Parody fans know that logical story lines aren’t exactly prominent in the genre. That remains true with Scary Movie 4, which contains a plot that defies description (and yes, logic). More a string of loosely connected lampoons than a story, this sequel centers once again on blonde bimbo Cindy Campbell, who moves into a house to take care of an elderly woman.
Once there, she not only meets Tom Ryan, an equally dimwitted neighbor and failing dad, but also a boyish ghost who’s haunting the house. She’s determined to find out who killed him and why. Meanwhile, aliens are attacking Earth, and while Tom tries to save his two children, Cindy has a hunch that her ghost friend can help defeat these unwelcome visitors.
A boxing coach encourages Cindy during a bout, saying, “I know you’re scared, but I believe in you. You can win this.” The blonde tells Tom, “Maybe I’m not meant to be happy, but something about you makes me want to try.” Tom comforts his daughter and tries to bolster her hope during a perilous situation (though he follows this up with singing a profanity-laden “lullaby”). When he’s willing to risk his life for his kids, they express their appreciation and forgive him for his lax parenting (“All you had to do was show that you love me,” his daughter says). The masked figure from Saw later tells them, “Anyone can hold a grudge, but it takes real courage to forgive.” He then apologizes, albeit half-heartedly, for killing “millions of people.” A narrator waxes eloquent about love triumphing in the end.
Cindy tells Charlie Sheen’s depressed character that he could turn to religion, but that it probably won’t amount to much. Tom’s hip-hop friend wears a diamond cross around his neck. A young ghost who haunts a house explains that he was killed and his soul walks the earth. An Amish/Mennonite-ish community says grace before eating (though the prayer consists of nothing but the “village idiot” uttering various names of private parts).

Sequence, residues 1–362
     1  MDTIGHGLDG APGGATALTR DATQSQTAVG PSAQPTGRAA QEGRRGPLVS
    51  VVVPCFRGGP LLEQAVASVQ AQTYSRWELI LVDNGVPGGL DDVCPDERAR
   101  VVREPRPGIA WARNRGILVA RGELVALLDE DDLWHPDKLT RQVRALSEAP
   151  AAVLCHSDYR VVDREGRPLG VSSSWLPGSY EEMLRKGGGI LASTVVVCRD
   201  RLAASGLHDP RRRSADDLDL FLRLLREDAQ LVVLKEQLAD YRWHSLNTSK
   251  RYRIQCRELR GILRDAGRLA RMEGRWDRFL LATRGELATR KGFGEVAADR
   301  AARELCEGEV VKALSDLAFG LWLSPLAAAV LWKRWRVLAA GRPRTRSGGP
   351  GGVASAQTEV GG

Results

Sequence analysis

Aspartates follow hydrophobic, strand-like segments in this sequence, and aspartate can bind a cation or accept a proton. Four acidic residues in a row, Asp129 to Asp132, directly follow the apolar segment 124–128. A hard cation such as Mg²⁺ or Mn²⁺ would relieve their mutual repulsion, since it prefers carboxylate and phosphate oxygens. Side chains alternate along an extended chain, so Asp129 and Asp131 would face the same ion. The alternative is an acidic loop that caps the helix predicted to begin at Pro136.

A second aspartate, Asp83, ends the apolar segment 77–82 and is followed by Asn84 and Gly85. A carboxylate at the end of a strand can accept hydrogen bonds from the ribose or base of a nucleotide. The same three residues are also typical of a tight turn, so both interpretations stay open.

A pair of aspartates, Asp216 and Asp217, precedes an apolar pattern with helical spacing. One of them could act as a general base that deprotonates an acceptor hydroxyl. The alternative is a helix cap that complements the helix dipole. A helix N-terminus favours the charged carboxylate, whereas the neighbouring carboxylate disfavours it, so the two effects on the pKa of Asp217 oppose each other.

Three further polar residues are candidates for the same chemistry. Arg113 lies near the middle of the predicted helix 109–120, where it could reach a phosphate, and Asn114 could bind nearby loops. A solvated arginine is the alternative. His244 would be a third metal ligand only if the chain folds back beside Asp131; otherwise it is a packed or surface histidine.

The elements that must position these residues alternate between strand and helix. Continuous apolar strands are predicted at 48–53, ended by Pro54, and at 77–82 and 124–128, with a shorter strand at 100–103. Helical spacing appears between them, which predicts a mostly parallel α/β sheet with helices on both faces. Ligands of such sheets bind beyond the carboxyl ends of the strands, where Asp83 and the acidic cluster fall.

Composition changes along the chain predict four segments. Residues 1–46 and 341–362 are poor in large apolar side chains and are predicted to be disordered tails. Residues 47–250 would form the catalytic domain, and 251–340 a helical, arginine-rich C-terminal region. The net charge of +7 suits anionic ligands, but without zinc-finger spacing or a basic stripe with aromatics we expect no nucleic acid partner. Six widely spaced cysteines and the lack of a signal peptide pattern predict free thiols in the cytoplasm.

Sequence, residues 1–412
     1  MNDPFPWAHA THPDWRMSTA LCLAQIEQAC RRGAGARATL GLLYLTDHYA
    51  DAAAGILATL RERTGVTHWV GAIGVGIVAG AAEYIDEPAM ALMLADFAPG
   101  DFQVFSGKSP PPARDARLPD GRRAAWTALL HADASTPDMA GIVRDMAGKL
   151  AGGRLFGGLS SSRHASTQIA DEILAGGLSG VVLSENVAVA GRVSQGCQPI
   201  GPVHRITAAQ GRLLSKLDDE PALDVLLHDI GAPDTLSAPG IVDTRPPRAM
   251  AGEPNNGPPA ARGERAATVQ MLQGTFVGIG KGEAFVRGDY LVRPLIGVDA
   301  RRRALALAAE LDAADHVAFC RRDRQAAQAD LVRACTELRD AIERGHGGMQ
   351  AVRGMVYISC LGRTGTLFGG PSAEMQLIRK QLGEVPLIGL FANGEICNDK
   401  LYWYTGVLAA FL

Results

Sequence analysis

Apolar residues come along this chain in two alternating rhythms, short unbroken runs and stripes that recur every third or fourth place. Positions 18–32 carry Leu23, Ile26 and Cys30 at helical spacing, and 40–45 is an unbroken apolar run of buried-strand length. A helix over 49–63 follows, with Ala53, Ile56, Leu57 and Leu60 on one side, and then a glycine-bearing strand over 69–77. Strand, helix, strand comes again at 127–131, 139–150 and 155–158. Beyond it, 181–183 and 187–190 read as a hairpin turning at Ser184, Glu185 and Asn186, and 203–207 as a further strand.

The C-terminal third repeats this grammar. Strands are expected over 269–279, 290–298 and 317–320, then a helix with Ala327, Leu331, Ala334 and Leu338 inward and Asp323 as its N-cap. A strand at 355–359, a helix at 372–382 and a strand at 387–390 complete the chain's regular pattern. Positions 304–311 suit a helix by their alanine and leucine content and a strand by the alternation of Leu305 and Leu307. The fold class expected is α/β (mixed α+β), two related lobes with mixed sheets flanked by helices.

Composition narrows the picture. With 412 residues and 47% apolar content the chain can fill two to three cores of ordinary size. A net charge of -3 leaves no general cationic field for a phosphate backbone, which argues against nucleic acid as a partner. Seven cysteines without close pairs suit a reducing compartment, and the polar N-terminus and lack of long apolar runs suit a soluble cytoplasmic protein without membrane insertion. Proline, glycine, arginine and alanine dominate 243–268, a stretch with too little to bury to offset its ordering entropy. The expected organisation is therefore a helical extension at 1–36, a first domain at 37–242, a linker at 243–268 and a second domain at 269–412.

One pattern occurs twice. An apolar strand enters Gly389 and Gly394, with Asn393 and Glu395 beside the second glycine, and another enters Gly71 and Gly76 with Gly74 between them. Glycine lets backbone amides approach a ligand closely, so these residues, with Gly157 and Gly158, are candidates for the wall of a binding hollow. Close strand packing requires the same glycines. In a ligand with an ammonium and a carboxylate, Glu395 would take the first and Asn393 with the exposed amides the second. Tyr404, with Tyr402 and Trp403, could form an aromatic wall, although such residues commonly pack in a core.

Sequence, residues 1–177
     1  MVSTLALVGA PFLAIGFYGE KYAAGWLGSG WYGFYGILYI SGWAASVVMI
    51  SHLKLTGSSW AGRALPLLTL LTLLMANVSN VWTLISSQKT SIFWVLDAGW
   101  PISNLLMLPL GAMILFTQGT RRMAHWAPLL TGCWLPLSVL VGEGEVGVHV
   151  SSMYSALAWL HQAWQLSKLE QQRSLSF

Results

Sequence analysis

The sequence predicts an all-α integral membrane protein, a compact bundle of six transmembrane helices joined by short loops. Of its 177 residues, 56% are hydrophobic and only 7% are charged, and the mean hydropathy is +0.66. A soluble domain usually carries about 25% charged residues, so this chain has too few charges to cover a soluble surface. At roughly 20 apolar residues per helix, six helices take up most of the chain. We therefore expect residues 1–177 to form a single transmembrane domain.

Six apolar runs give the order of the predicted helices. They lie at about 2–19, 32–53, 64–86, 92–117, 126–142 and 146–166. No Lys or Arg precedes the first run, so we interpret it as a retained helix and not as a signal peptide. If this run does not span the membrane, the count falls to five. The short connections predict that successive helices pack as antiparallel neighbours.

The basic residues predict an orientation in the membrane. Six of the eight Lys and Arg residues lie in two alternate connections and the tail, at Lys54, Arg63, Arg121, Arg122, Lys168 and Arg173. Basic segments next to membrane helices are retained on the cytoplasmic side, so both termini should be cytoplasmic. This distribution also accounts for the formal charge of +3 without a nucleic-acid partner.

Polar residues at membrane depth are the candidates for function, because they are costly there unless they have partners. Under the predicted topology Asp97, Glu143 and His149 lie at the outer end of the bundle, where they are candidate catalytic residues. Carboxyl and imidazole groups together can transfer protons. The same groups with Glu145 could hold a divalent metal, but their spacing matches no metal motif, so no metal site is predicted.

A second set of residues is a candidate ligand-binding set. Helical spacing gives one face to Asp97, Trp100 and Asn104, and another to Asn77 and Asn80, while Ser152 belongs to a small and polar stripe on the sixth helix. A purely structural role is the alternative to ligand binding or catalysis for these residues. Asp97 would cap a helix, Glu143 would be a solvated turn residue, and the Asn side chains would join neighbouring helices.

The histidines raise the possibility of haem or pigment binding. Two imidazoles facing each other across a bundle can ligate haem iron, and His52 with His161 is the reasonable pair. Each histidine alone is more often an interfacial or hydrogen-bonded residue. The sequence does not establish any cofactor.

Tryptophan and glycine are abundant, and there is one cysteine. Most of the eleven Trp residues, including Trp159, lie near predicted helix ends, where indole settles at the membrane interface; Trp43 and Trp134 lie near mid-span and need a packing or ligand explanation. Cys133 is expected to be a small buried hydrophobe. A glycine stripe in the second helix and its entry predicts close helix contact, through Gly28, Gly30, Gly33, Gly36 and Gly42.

Par for the parody course, this fourth Scary Movie features a steady stream of sexual sight gags, crude jokes and double entendres. Aliens, pigs, humans—you name it—are all shown either making sexual motions or in sexual positions. A few characters grope women’s breasts. A man accidentally downs a bottle of Viagra that causes a huge erection, which then knocks over everything in his path. After a cat clings to the bulge with its claws, the man jumps off a balcony and smashes to the ground—penis first. Cindy’s oversexed best friend, Brenda, makes continuous jokes and motions regarding oral, anal and manual sex, sex in public, urination during sex, STDs and masturbation (one especially crude visual involves her seemingly pleasuring a villager). She also comments about turning a torture device into a sex toy. Several characters chime in about having had sex with Tom’s ex-wife.
A Brokeback Mountain bit involves two guys stripping down to have sex in a tent. Though the scene shows them only from the chest up, later we see both their backsides. (We also witness their tent shaking wildly.) Two men from the religious community get married, and they’re shown deep kissing. The camera gets a close-up of a guy grabbing his crotch.
Cleavage is emphasized throughout, especially via a trio of lingerie-wearing Playboy models and a scantily-clad Carmen Electra. A photograph shows women in a wet T-shirt contest. Cindy is seen taking a shower (from the shoulders up). The U.S. President and an entire United Nations assembly wind up naked. After we see several shots of the Commander in Chief’s backside, his and others’ privates are strategically covered. Another man appears in his underwear. Various inanimate objects appear in the shape of sexual organs.